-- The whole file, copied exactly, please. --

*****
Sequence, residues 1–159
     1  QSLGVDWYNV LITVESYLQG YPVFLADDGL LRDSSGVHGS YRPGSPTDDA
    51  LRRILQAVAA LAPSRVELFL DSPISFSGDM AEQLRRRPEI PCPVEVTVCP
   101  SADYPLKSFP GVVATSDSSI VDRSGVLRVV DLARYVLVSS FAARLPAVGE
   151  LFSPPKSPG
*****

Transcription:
Sequence, residues 1–159
     1  QSLGVDWYNV LITVESYLQG YPVFLADDGL LRDSSGVHGS YRPGSPTDDA
    51  LRRILQAVAA LAPSRVELFL DSPISFSGDM AEQLRRRPEI PCPVEVTVCP
   101  SADYPLKSFP GVVATSDSSI VDRSGVLRVV DLARYVLVSS FAARLPAVGE
   151  LFSPPKSPG